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OWG proposals risk sidelining consensus on human rights-centered sustainable development


This statement can be downloaded in pdf format here

As the interactive dialogues of the Open Working Group on Sustainable Development Goals (OWG on SDGs) drew to a close, a consensus emerged from the initial stock-taking exercise that the post-2015 framework should mainstream a human rights-based approach encompassing all human rights, including the right to development.

This was consistent with the Rio+20 agreement that any new SDGs should be based on existing international law, including human rights standards, and with the UN Secretary General’s call last September for a new development framework "firmly anchored in human rights". Nonetheless, as the talks enter a more political phase, the OWG Co-Chairs’ proposals set out in their recent ‘focal area document’ raise serious doubts as to whether these aspirations will be fulfilled.

The ‘focal areas’ included in the document cover key issues such as poverty eradication, food, health, education, water and sanitation, the environment, decent work, social protection, promoting a welcome focus on quality as well as access to services in many of these areas. The Co-Chairs also acknowledge that human rights are essential to creating inclusive and equitable societies, and include a number of laudable commitments on ensuring equality, transparency, participation, accountability and access to justice.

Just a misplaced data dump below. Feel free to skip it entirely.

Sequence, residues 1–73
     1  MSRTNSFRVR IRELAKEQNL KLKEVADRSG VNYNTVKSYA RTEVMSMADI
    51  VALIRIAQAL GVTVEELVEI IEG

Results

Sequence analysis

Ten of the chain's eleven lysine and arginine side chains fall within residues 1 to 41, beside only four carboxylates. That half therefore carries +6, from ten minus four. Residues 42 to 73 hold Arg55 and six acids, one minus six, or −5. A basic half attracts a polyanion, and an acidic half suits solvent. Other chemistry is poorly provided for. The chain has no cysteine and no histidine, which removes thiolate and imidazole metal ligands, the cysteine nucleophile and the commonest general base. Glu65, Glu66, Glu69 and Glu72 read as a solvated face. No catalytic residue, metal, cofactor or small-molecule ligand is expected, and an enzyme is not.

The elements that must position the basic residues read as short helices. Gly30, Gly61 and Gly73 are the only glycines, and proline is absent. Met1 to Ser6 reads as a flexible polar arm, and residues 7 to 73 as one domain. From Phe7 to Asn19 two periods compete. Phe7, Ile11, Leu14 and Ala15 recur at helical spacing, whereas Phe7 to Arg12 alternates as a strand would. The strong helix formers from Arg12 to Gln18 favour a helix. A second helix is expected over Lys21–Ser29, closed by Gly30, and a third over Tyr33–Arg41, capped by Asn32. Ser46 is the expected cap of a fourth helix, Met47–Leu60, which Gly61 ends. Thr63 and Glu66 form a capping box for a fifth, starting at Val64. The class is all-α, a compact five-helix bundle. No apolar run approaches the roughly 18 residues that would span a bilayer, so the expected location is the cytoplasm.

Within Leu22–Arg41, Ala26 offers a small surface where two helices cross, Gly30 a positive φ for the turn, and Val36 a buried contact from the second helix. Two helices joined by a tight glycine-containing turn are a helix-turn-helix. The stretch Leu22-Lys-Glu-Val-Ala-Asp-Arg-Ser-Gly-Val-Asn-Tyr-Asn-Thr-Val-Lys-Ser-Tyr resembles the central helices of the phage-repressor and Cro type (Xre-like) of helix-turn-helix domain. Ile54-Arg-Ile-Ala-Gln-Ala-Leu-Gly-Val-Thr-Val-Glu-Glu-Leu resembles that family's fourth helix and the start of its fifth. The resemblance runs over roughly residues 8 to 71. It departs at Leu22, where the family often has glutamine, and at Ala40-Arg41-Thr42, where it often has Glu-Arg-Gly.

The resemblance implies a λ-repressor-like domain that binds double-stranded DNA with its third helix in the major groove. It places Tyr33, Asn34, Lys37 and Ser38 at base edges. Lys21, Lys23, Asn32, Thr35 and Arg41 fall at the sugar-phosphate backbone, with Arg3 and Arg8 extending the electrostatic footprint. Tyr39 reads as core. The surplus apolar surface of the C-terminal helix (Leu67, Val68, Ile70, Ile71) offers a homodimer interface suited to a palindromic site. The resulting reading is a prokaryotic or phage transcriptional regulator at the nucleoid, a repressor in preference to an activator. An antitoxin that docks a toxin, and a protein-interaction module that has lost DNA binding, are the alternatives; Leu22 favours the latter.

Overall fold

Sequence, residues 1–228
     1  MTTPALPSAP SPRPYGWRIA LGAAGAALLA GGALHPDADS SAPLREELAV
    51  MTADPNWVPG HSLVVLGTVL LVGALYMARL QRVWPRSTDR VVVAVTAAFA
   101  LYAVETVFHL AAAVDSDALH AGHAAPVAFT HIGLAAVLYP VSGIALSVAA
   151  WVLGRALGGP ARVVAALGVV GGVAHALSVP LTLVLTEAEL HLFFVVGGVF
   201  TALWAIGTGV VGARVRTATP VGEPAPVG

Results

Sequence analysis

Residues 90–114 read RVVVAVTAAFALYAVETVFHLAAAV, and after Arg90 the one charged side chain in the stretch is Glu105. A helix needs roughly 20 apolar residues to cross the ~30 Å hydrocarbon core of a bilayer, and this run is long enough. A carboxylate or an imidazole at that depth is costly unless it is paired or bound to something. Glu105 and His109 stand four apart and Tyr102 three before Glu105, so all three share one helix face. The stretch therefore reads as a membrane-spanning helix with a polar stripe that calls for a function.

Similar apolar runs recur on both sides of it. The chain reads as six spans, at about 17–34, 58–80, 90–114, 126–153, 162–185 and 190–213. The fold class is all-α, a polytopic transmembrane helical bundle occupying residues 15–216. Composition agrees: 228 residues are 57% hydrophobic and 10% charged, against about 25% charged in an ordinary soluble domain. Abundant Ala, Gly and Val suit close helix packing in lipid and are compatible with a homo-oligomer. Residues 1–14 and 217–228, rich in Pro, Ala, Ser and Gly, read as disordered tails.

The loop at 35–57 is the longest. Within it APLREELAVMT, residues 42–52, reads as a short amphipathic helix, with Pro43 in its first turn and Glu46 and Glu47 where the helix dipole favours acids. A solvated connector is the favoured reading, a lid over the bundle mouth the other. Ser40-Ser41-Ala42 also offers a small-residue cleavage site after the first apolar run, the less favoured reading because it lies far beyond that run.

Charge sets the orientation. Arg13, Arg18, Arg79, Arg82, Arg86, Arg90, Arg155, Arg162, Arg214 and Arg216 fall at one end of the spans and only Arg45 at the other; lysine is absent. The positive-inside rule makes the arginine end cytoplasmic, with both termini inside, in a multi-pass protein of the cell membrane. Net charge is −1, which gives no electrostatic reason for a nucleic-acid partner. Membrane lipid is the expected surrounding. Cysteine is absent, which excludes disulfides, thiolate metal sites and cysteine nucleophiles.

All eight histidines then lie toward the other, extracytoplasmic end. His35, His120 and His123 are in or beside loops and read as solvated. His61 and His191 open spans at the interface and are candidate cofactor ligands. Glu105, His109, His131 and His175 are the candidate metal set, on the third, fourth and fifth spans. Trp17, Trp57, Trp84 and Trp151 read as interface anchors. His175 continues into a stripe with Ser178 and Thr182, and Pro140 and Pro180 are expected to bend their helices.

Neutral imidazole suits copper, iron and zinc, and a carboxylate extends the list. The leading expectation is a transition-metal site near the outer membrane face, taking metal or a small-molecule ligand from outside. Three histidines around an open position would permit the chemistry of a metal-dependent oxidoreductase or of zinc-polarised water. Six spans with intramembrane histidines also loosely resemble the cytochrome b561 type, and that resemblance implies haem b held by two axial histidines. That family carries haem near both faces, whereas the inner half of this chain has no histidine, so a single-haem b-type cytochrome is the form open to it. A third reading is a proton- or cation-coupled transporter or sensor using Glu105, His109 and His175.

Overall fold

However, there is a significant gap between the Co-Chairs’ proposals and the affirmations included in the OWG’s summary of its debates.   Reference to the pre-existing human rights obligations of States in each SDG area is largely absent. Indeed, with the exception of education, none of the socio-economic issues outlined above are recognized as matters of human rights. Nor do the proposals mention the human rights responsibilities of business, international organizations and other key development actors. Regarding the question of global governance, the Co-Chairs’ proposals do not reflect the OWG summary document’s recognition of the “need to strengthen policy coherence between development policies and human rights and to ensure that business globally respects fundamental human rights, in line with the UN Guiding Principles on Business and Human Rights.” (para. 145). Rather than mainstreaming human rights across all SDG focal areas, the Co-Chairs’ proposals risk marginalizing the emerging consensus over a human rights-centered sustainable development framework.

CESR therefore calls on member states in the OWG to act on their stated commitment to making human rights central to the post-2015 agenda. In line with the SG's recommendations to the General Assembly last September, and with the ‘Human Rights For All Post-2015’ statement endorsed by over 350 civil society organizations worldwide in December,  CESR calls on the OWG to: